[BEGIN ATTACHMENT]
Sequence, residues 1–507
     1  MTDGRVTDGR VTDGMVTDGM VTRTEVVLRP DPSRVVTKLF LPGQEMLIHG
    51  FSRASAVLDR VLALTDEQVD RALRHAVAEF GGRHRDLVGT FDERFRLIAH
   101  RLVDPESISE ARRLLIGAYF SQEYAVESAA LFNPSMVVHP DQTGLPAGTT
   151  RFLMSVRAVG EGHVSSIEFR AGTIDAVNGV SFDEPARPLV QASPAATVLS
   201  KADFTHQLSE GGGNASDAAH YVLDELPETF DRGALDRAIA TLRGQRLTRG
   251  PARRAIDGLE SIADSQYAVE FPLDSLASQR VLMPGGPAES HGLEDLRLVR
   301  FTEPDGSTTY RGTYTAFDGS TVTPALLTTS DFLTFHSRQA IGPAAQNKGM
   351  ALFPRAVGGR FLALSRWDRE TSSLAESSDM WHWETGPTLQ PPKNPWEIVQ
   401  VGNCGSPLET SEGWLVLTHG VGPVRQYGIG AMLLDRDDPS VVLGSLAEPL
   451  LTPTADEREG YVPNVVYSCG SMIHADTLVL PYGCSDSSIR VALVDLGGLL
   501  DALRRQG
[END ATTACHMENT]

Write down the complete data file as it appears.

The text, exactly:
Sequence, residues 1–507
     1  MTDGRVTDGR VTDGMVTDGM VTRTEVVLRP DPSRVVTKLF LPGQEMLIHG
    51  FSRASAVLDR VLALTDEQVD RALRHAVAEF GGRHRDLVGT FDERFRLIAH
   101  RLVDPESISE ARRLLIGAYF SQEYAVESAA LFNPSMVVHP DQTGLPAGTT
   151  RFLMSVRAVG EGHVSSIEFR AGTIDAVNGV SFDEPARPLV QASPAATVLS
   201  KADFTHQLSE GGGNASDAAH YVLDELPETF DRGALDRAIA TLRGQRLTRG
   251  PARRAIDGLE SIADSQYAVE FPLDSLASQR VLMPGGPAES HGLEDLRLVR
   301  FTEPDGSTTY RGTYTAFDGS TVTPALLTTS DFLTFHSRQA IGPAAQNKGM
   351  ALFPRAVGGR FLALSRWDRE TSSLAESSDM WHWETGPTLQ PPKNPWEIVQ
   401  VGNCGSPLET SEGWLVLTHG VGPVRQYGIG AMLLDRDDPS VVLGSLAEPL
   451  LTPTADEREG YVPNVVYSCG SMIHADTLVL PYGCSDSSIR VALVDLGGLL
   501  DALRRQG